In my aforementioned discussion on Facebook, I was reminded of what my 2nd maternal aunt would send to our house everytime one of her daughters or daughters-in-law gave birth, one big pot of it and it turned out to be this – hung ngang long! I never knew what it was called – I just ate!

Yes, it is different from the usual bowl of mee sua in traditional Foochow red wine and ginger chicken soup as other than those, there would be some other ingredients added – I remember there was the kim chiam (golden needles), knotted and the mok mee (black fungus) and according to my friend, Annie, in KL, there would be the teck ann or canned oysters as well.

I must say that I enjoyed it a lot and I loved the egg used…


– this would be one of those Omega-3 or kampung eggs with its orange yolk. I’m not really a fan of hung ngang though so when I go back there for more of this, perhaps I could ask for mee sua instead. We’ll see…

CIVIC CAFE (2.310423, 111.8312260, formerly Wonderful Cafe, is located at No. 30, Jalan Dewan Suarah, right beside the Sibu Civic Centre. 

Open house…

I’ve known the open house tradition for as long as I can remember.

We had it twice a year, at Christmas and soon after that, at Chinese New Year. My dad was a businessman and he had many friends and customers who would come round to enjoy my mum’s curry, served with bread and everyone loved her cakes and cookies too, not forgetting our very special “Singapore rambutans” which would always bear fruit around that time of year. This year, I was glad to be able to do the same with the rambutans from the sole-surviving tree at the back of my house.

In my childhood days, come Hari Raya Puasa/Aidilfitri, I would go with my Malay/Melanau friends from the neighbourhood to the houses in the kampungs in the vicinity. Their open house concept was a bit different then – they would welcome anybody and everybody dropping by and once at a house, the old folks would “interrogate” us, asking us whose children we were and so on and so forth. In the small kampung community, everybody knew everybody so nobody was a stranger. I remember those tiny glasses in which they would serve the drinks and also their long tables filled with all kinds of cakes in a myriad of colours – they did not use to serve food as in curry and rendang and what not back in those days.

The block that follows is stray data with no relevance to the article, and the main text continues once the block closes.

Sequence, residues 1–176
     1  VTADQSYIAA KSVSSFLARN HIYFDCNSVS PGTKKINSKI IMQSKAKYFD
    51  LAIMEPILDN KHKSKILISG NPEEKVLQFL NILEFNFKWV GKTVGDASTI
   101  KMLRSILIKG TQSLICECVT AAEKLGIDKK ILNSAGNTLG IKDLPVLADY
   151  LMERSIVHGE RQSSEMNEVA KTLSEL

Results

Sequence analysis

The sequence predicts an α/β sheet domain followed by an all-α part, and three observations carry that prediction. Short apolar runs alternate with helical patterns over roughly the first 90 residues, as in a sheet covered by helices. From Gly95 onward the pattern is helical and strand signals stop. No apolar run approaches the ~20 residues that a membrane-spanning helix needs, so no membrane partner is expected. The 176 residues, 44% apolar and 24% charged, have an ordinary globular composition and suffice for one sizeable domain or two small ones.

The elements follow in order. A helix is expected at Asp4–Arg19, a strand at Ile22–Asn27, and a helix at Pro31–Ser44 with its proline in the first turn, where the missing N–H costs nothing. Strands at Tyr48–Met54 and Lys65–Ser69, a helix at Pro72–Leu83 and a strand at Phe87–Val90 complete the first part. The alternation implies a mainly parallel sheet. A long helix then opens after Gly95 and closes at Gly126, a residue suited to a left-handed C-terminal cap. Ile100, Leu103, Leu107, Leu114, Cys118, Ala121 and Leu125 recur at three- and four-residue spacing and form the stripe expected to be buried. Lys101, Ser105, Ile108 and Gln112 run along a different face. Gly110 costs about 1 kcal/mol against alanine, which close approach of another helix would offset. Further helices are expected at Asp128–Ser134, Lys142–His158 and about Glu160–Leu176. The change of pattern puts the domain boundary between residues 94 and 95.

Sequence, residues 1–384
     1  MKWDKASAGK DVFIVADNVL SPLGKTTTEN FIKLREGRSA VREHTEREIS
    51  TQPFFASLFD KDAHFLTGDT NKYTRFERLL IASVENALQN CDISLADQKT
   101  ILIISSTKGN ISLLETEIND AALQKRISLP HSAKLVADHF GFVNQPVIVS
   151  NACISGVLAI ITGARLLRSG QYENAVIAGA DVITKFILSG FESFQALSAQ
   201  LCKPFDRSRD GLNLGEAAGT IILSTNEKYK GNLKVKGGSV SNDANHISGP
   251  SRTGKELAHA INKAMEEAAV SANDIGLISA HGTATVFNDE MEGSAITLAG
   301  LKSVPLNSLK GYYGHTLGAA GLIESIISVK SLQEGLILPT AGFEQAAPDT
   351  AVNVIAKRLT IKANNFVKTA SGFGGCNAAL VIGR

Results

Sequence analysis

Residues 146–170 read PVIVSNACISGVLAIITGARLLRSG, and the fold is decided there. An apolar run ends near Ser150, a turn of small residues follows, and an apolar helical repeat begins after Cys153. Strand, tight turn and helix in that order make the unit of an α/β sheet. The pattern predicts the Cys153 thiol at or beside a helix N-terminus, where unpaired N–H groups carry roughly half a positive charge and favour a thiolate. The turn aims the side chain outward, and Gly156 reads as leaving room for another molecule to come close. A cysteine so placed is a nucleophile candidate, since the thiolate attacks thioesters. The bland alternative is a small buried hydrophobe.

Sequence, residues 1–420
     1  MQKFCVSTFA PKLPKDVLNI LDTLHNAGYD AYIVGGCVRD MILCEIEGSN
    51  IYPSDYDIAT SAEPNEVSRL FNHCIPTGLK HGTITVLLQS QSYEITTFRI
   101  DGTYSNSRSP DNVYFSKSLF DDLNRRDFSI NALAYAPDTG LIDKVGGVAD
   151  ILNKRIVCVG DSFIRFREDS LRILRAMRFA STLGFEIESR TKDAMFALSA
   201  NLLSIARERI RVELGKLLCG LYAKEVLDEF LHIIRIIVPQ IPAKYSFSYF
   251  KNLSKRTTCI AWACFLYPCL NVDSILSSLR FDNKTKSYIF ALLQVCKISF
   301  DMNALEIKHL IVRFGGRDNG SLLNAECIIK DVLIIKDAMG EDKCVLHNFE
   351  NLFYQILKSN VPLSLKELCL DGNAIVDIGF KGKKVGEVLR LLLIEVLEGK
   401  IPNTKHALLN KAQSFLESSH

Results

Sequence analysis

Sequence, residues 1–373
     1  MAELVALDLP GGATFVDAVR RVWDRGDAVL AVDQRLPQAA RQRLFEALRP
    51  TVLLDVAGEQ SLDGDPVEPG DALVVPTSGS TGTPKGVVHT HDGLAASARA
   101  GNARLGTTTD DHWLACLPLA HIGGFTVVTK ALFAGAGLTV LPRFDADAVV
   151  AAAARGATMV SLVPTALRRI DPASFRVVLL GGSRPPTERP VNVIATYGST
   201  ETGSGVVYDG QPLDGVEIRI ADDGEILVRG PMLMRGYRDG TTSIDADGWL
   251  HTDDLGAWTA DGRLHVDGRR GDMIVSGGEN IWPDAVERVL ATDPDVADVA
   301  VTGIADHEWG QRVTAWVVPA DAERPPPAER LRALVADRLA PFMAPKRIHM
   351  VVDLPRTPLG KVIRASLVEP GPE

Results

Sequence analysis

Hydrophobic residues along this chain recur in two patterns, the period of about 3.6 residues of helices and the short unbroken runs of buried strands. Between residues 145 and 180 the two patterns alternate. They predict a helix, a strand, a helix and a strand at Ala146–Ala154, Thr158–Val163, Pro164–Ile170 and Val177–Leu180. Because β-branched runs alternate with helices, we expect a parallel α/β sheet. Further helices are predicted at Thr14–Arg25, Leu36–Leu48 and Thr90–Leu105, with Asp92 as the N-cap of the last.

Later, as I grew bigger/older, I remember what a lovely time I had with my friends in the 60’s, right through till the 70’s when we went on our bicycles to visit house after house after house, relatives and friends alike, from morning till night and my friends would come on their bicycles to my house too! What joy that brought us and how sad it is that the young ones these days don’t do this anymore, or not that I know of, that is!

Unlike my parents before, I no longer have open houses come Christmas every year but I would have it during Chinese New Year which is usually not long after that – this year, they were only a month apart. However, we had not had that for some two years now owing to the demise of my parents, first my dad and then my mum.

I do enjoy holding open houses but sad to say, I did not have a lot of friends visiting me this year. Other than the guys from Payung and my good friend, Lim, and his family, and not forgetting, the wonderful people, my friends, from the petrol station that I frequent here in Sibu, nobody else came.

On my part, I only visited the elders in my family – my uncle (my father’s younger brother) and my aunt (my father’s younger sister) to convey my Happy Chinese New Year greetings and the latter did come over to my house with all in her family.

Some of my girl’s colleagues from her former school dropped by too, a special thank you especially to those who drove all the way from there to town just to come and visit. A friend of hers, going all the way back to Primary One, came with her family and another good friend of hers, also a teacher, was here with two of her nieces. Her coursemate, the very nice guy from Terengganu, who was with her in Sg Petani and Wellington, New Zealand and is now teaching in Sibu, visited us too with his wife and son.

All the rest were my ex-students including one from my English tuition class who scored straight A’s in English (SPM & 1119) and is now an English teacher in her own right. Among my ex-students who came were these two…